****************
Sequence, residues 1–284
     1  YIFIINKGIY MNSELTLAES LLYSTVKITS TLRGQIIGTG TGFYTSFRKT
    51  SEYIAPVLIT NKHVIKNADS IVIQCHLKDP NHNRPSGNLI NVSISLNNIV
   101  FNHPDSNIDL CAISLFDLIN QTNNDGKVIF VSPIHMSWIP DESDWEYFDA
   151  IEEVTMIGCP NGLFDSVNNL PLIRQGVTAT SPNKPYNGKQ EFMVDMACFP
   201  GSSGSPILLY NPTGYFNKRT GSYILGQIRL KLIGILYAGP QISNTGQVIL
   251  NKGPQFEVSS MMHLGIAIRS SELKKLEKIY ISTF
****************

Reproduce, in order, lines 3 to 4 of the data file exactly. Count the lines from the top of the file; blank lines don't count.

    51  SEYIAPVLIT NKHVIKNADS IVIQCHLKDP NHNRPSGNLI NVSISLNNIV
   101  FNHPDSNIDL CAISLFDLIN QTNNDGKVIF VSPIHMSWIP DESDWEYFDA